The Financial Stability Board (a mega quango set up under the G20 cover to make policy recommendations aimed at assuring that Too-Big-To-Fail banks are brought under some international oversight) has recently issued its position on the bank capital shortfalls under the assessment of their balance sheets designed to ‘prevent taxpayers bailouts of lenders’.
The FSB report based on stress tests stated that big international banks operating globally will have to raise anywhere between EUR42 billion and up to as much as EUR 1.1 trillion in funding by 2022 to cover the shortfall in bailable (special) tier debt that can be written down in the case of a bank running into trouble in the future. The tests explicitly covered what is known as banks’ Total Loss Absorbing Capacity (TLAC) - debt that can be converted into equity when a bank fails, in effect forcing debt holders to shoulder the cost of bank collapse and freeing taxpayers from the need to step in. The TLAC approach to bank funding also breaks the pari passu chain of rights distribution across the banks’ liabilities, separating (at last) depositors from bondholders. (1)
In releasing its estimates for TLAC shortfall, the FSB also provided final guidance as to the levels of TLAC it expects to be held by the globally important TBTF banks: 16% of total bank risk-weighted assets by 2019, rising to 18% by 2022. (2)
To be clear, the TLAC cushion is not an iron-clad guarantee that in a future crisis, depositors’ bail-ins and taxpayers’ supports won’t ever arise. Instead, it is just a cushion, albeit at 18 percent target - a significant one. And the cost of this insurance will also be material and likely to be shared across depositors and borrowers worldwide. Current estimates show the cost of 16% hurdle for TLAC to be around 2% of total income of the largest banks, spread over roughly 4 years, this would imply that up to 1/3 of average bank interest margin can be swallowed by the accumulation of cushion. Maintenance of this cushion will also require additional costs as TLAC instruments will likely carry higher cost of funding.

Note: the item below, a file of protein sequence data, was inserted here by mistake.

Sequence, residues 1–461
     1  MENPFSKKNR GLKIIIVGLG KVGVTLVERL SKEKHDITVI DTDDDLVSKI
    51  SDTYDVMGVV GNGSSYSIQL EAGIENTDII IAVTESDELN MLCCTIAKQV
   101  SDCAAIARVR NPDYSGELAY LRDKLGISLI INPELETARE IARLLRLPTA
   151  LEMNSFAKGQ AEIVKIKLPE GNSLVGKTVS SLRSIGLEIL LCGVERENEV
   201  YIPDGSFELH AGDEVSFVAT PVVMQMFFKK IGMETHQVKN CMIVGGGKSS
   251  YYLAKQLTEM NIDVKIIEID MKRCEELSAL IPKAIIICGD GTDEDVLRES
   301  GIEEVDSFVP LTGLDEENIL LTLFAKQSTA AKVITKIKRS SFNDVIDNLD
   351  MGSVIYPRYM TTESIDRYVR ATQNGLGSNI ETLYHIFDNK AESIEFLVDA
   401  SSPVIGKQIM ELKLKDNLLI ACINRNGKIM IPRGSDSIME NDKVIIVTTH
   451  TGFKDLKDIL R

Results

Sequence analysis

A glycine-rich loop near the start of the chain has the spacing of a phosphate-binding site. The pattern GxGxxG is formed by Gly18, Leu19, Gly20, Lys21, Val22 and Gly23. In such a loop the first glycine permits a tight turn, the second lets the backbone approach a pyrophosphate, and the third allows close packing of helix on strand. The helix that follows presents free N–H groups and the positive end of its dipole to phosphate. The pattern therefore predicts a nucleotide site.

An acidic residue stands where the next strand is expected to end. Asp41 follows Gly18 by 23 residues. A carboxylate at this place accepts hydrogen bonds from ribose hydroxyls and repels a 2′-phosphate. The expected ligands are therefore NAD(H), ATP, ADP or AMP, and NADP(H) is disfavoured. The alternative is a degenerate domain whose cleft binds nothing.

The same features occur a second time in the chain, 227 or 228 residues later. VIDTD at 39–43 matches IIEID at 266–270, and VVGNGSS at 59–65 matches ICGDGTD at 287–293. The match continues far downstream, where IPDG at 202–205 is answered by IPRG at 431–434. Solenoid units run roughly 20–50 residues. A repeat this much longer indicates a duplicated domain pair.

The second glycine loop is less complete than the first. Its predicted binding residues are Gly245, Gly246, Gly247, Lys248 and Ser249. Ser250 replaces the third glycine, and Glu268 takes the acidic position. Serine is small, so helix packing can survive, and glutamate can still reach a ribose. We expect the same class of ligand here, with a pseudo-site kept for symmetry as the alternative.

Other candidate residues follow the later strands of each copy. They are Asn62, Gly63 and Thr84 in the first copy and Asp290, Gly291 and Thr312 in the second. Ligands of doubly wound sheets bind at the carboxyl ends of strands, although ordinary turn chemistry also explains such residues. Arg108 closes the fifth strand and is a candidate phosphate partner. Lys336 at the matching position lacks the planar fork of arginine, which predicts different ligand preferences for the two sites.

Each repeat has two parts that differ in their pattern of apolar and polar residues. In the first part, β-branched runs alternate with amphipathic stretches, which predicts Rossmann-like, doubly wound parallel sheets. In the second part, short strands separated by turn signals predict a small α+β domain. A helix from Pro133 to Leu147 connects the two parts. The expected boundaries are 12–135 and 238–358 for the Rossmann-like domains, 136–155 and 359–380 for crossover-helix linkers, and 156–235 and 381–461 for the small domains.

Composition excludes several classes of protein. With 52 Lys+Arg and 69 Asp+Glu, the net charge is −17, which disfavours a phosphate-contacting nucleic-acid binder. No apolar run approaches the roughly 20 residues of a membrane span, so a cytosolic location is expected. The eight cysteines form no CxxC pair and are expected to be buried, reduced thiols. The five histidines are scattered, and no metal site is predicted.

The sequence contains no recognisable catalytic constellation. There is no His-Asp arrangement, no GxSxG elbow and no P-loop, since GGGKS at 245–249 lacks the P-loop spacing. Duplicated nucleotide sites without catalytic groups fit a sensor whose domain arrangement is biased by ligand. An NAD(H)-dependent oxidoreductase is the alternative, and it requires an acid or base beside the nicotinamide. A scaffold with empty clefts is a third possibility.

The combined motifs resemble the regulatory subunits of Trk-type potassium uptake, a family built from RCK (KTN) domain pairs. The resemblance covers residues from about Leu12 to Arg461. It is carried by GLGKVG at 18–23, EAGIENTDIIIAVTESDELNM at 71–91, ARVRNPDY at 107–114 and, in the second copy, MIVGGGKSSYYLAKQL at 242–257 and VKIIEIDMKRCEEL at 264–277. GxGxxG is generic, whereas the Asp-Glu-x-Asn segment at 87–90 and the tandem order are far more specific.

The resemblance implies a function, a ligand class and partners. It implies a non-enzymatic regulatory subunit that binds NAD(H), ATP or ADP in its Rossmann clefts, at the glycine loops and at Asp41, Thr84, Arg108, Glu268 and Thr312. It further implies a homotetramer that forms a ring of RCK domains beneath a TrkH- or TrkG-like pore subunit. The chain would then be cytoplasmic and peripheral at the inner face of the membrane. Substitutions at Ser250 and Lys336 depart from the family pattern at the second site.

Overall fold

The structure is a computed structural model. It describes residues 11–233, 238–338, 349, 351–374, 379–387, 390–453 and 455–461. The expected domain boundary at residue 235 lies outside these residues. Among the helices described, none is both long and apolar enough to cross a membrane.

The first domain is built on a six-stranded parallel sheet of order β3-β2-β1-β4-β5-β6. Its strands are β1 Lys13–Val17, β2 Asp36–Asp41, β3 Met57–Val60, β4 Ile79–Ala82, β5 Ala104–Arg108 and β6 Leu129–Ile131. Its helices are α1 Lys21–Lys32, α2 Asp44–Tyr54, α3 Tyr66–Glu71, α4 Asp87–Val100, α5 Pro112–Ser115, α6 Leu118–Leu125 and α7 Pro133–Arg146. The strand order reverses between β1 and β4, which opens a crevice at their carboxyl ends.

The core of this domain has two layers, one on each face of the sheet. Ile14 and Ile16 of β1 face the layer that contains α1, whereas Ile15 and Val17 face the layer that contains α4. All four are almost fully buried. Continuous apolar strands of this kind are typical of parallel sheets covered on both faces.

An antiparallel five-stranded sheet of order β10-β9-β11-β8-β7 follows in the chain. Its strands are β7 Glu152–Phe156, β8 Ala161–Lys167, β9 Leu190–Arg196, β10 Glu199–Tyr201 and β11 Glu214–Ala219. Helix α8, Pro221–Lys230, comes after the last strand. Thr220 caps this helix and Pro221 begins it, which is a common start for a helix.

In a silver-lining for Western banking groups, the hardest hit banks amongst the 30 Globally Systemically Important Banks (GSIBs) (3)
FSB are four Chinese banks: Agricultural Bank of China, Bank of China, China Construction Bank and Industrial and Commercial Bank of China, will no longer be exempt from TLAC. These banks currently hold no senior debt liabilities that can count as a part of TLAC cushion. In total, there are 60 GSIBs covered by TLAC, but in Europe, some 6,000 smaller banks are also covered by the Minimum Requirement for Eligible Liabilities (MREL) due in January 2016.
The core point for both, the MREL and TLAC is the issue of ‘loss-absorbing capital’. While the issue has been with regulators since the end of the Global Financial Crisis (2010), there is still no clarity on the mechanics of how this concept will work in the end. Currently there are three channels through which liabilities can be subordinated (bailed-in) in case of a crisis. All relate to bank-issued debt instruments:
- Contractual channel for subordination: banks can issue senior subordinated debt (tier-3 debt) which ranks ahead of tier-2 debt already outstanding in case of normal crises, but is bailable in the case of a structural crisis.